Digital Photography Equipment Review—Nikon D7000 DSLR Camera. The article you’re reading now will explore specifically the camera’s video capabilities.
From the video perspective, the D7000 is an upgrade from the Nikon D90, which introduced video to DSLRs. Compared to the D90’s maximum of 720p (1,280 x 720 pixel), the Nikon D7000 has Full HD (1,920 x 1,080 pixel). Both cameras shoot at the same 24 frames per second (fps). This is a negative for some reviewers, since they would have preferred that the D7000 was capable of Full HD at 30 frames per second. Despite that slight deficiency, you can shoot in Full HD for 20 minutes maximum, which is four times more than the D90, and as much as 150 megabytes per minute.
For some consumers, however, the 24-frames-per-second rate is more than they need. They can shoot video with the D7000 in both 720p and VGA. At 720, there are the options of 24 or 30 fps. It’s fixed at 30 fps for VGA movies. Whatever shooting mode you choose, you can manually control exposures and record higher quality audio with the D7000’s microphone input.
Another improvement over the Nikon D90 is the D7000’s file type and compression format. It features H.264 / MPEG-4 AVC in a .MOV container. The upside is smaller file sizes, however, users will need a more modern PC for editing and playback. You can use either an internal monaural microphone or a standard 3.5mm external stereo microphone to record audio as linear PCM. Another good point for the Nikon D700 is that basic movie editing can be done in the camera. You can also remove still frames that are within recorded video.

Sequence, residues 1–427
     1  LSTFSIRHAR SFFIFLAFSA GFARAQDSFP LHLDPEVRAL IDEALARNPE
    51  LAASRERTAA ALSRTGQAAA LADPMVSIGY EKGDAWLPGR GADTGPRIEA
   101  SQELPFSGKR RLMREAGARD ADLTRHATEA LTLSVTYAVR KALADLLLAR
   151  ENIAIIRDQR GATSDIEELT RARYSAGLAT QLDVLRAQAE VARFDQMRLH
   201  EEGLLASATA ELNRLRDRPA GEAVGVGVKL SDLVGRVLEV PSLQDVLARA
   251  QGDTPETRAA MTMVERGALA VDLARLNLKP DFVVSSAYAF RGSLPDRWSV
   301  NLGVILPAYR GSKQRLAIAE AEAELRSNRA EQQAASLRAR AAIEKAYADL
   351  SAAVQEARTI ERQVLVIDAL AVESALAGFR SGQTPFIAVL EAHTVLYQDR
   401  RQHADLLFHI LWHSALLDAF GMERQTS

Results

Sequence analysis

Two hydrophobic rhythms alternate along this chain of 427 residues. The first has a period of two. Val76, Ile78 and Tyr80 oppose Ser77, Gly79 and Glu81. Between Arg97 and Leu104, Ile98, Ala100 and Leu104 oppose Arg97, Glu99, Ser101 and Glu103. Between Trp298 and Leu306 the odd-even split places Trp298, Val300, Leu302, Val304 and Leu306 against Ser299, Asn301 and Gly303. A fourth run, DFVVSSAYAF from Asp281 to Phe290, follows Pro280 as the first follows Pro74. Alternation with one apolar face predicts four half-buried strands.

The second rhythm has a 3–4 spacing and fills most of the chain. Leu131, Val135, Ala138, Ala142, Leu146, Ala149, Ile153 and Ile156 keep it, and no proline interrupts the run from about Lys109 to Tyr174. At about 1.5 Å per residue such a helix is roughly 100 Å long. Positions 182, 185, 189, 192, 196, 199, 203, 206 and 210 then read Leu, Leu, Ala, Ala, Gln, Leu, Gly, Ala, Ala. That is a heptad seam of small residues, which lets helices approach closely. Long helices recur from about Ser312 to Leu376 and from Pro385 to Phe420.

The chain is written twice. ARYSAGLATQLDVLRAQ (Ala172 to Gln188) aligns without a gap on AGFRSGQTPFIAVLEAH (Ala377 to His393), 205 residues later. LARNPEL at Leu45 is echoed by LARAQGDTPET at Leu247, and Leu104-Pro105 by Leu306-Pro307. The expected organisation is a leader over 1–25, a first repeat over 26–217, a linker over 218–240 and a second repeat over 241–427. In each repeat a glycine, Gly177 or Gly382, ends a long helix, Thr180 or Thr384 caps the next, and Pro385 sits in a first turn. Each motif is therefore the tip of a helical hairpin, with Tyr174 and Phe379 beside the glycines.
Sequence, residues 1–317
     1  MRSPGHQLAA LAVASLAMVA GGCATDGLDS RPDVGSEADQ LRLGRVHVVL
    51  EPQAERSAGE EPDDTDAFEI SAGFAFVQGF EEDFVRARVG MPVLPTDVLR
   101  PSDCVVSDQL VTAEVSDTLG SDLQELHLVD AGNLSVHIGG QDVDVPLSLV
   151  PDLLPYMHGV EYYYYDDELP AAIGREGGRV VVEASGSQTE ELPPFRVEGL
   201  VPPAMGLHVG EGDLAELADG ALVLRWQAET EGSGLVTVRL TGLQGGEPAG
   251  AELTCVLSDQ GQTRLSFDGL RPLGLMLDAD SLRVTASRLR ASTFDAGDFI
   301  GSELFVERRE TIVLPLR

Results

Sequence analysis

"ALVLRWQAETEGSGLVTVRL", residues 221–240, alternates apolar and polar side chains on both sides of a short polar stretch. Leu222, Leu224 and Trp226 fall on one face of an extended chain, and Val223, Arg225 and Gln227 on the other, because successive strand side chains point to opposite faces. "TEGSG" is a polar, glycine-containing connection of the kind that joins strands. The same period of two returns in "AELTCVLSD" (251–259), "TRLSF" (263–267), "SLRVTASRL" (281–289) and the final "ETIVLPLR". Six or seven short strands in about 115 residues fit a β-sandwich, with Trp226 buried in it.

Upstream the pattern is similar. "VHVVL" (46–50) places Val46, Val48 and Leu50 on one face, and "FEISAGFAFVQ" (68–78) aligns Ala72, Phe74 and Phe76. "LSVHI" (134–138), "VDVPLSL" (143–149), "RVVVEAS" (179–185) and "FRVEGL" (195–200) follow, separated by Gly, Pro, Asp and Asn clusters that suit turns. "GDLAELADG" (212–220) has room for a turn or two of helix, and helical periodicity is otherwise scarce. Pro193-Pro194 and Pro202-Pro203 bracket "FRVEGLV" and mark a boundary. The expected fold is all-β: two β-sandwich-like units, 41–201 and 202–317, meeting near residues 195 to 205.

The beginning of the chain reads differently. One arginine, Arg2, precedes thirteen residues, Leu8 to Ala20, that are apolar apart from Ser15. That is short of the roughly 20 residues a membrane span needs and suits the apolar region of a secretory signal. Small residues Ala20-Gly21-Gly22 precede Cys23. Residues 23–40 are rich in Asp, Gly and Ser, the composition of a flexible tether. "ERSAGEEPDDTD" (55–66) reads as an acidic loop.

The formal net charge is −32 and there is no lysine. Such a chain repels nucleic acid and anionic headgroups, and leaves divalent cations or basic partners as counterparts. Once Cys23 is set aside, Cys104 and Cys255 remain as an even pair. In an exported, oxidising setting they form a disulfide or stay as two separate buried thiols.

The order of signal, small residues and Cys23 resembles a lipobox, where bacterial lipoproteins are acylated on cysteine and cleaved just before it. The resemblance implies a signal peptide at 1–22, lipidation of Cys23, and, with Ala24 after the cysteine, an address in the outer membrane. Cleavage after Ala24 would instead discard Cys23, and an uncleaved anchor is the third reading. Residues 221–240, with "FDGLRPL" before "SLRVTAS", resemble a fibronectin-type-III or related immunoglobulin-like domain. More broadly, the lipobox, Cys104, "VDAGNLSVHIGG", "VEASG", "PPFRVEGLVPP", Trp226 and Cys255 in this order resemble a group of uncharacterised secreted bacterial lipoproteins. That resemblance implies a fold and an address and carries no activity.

Many users and experts are pleased to see that the Nikon D7000 has a full-time contrast detection auto-focus when shooting in the movie mode. This capability can detect as many as 35 faces simultaneously. A drawback of the auto-focus tracking function, however, is that it doesn’t operate as quickly as a typical camcorder, so it has difficulty following the action. This is the downside of traditional DSLRs and their lens that are designed for still photography, and not fast-paced video. Nikon didn’t improve the noise coming from the full-time servo AF mode, as it searches for focus when filming. The D7000 internal microphone is likely to record that sound, which can then be heard on the audio track. Some casual users will accept a bit of recorded noise, instead of learning how to focus manually.
Unfortunately, the D7000’s problem with quick action makes it less competitive with the Canon EOS 60D. It has a fully articulated screen, a choice of frame rates at 1080p, greater manual control during composition, audio level meters and higher bit rates. Its maximum HD recording time of 12 minutes per clip is less than the D7000’s 20 minutes. These differences won’t trouble the amateur or casual user as much as it well accomplished enthusiasts or professionals. They would find the Canon body better for shooting video only. Another competitive choice for some consumers is the Sony hybrids, such as the SLT-A33, for example, with continuous auto-focusing capabilities that clearly outperform the Nikon D7000.
While the Nikon D7000 may be an obvious choice of a superior DSLR camera, its video limitations should be taken into account, based on the kind of video you like to shoot or may shoot in the future.